South face Mt Aspiring,
I got into mountaineering at a young age of 25…. I still vividly remember looking at a poster from the “The Climber magazine” of the south face of Mount Aspiring and the respective routes running up its steep gnarly looking face. The first proper mountaineering experience was climbing the north east ridge of Footstool. After this experience I was convinced that mountaineering was not for me, it was super scary, cold and uncomfortable…why would anyone do it? The next year I was enrolled at Aoraki Polytechnic with mountain as an elective…who would have thought? So there I was, a student in Timaru dreaming of the south face of Mount Aspiring from the comfort of my uninsulated, mouldy, damp flat wondering what the face would be like, how steep was it really, and would I ever be good enough to climb it.
I have no job, most of the clothes I own have rips in them or have been given to me, I live in my Toyota Corolla station wagon and my sole focus is to get strong for a trip to Patagonia. I had been working for the last three years at Outward Bound where all my interests were put on hold. I am now finished and trying to train hard bouldering, rock climbing, mixed climbing, ice climbing and mountaineering.
I think to myself, the weather is looking good, I have a partner, I should try a bigger objective…the south face of Mt Aspiring would be epic. It has been eight years since I was standing in my flat in Timaru looking at that poster on the wall, yeah south face would be super.
Wraps, bars, porridge and dehydrated meals go into my pack. Avalanche gear, snow shoes, all our climbing stuff, along with overnight gear somehow fits and comes to 25-27Kg. We have a nice easy 26km walk with a 1500 meter climb, that we break into two days. I round this snow slope leading away from the crevasses and there it is…in all its glory the mighty south face of Mt Aspiring and we were going to do the line that leads right up the middle, straight up the guts – ‘Mixed Aspirations’.
5.30 am the alarm rings in our luxurious snow cave. Time for action, food, brew, harness up, packs on and off we went. There I was again after another challenge harder than the last. Knowing too well that I would scare myself yet again and fear for my life, one more time.
We cross the Bergschrund, without too much difficulty and fire up pitch 1 on some rotten ice, nothing harder than WI 4 hoping that the conditions will be better the higher we get. Three ice screws are required for the anchor as the ice is not super trustworthy. Pitch 2, the bottom crux looks more and more gnarly the closer I get. A smear of ice over a smooth slab of rock then a move onto an icicle that looked solid from a distance. There I am again wondering how I got myself into this predicament unable to down climb, nowhere to place any form of protection, forced to climb on, higher, steeper. The formation was very strange. It appeared to be two mushrooms of ice about three meters apart that had been filled with powder snow. I am standing on top of one of the mushrooms, trying to get a solid placement with my tools, getting quite pumped as my arm sinks into the vertical powder. I move to the left to see if it is better over there and as I kick my crampon in the whole foothold I am standing on collapses. Now hanging solely on my ice axes, I have to overcome an overhang. The conditions are slightly better with an inch of icy snow over the top of dry unconsolidated powder, a thin crust covering, like climbing on a giant Pavlova. Thump, thump with my ice tools, step, step with my crampons, arms refusing to work as they are so pumped. Fingers slowly opening, losing grip and deciding to not hold the tools. Thump, step, whack…I finally get a good stick and manage to top out onto some more mellow ground. I am breathing heavy, sucking air in like I’m about to run out, sweating extensively and super relieved to have made it through that pitch. “I am safe” I yell to my partner, knowing he is probably just as relieved I made it to the top as I am.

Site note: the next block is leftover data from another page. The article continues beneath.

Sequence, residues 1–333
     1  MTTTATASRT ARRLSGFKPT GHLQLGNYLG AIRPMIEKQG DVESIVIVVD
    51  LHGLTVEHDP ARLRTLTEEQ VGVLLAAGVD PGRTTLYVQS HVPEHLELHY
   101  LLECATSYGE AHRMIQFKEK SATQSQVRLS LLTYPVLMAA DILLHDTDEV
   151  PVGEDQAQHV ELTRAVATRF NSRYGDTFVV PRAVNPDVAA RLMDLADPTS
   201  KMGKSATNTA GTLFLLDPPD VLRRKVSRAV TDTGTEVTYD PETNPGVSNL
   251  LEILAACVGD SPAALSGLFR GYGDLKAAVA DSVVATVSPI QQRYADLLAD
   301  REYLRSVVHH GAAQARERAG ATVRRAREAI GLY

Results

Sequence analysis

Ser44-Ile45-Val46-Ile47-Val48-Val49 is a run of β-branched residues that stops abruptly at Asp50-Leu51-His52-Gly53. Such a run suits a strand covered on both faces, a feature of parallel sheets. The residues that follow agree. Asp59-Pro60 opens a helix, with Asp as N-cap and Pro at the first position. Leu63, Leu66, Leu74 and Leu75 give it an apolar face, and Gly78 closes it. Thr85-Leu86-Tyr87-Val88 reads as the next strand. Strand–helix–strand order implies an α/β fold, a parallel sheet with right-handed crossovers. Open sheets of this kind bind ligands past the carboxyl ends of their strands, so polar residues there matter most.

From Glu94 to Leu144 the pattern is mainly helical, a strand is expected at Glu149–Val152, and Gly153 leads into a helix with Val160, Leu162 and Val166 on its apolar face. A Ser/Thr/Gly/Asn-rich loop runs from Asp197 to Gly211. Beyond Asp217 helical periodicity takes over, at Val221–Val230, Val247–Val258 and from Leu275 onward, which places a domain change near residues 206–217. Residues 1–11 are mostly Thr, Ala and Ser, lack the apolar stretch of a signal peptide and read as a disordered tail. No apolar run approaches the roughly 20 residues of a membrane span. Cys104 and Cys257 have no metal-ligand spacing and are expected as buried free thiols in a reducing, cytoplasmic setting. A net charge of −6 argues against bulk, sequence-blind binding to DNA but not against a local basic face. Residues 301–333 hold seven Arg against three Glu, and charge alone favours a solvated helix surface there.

We simul-climb for a while, do a few more pitches of WI 4, then up some more mellow snow that make my calves feel like they were about to explode. It was a bit of a surprise to be leading up the last snow slope to the summit. It felt like we had only done half the climb. I definitely felt a bit mentally drained from the four hundred meters of climbing.
It was the day before my birthday, blue skies, not a breath of wind, perfect conditions. I was flooded with memories of the climbs before, the training and trips that led to the current situation. One more successful climb with thousands of amazing moments, it was crystal clear to me right then. This is why I climb….